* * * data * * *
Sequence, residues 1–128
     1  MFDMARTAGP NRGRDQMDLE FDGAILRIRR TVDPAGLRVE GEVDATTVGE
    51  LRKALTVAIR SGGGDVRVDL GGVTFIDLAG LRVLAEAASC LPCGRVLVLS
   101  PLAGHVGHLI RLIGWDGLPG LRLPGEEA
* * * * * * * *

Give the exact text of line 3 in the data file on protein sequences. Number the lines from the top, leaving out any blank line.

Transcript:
    51  LRKALTVAIR SGGGDVRVDL GGVTFIDLAG LRVLAEAASC LPCGRVLVLS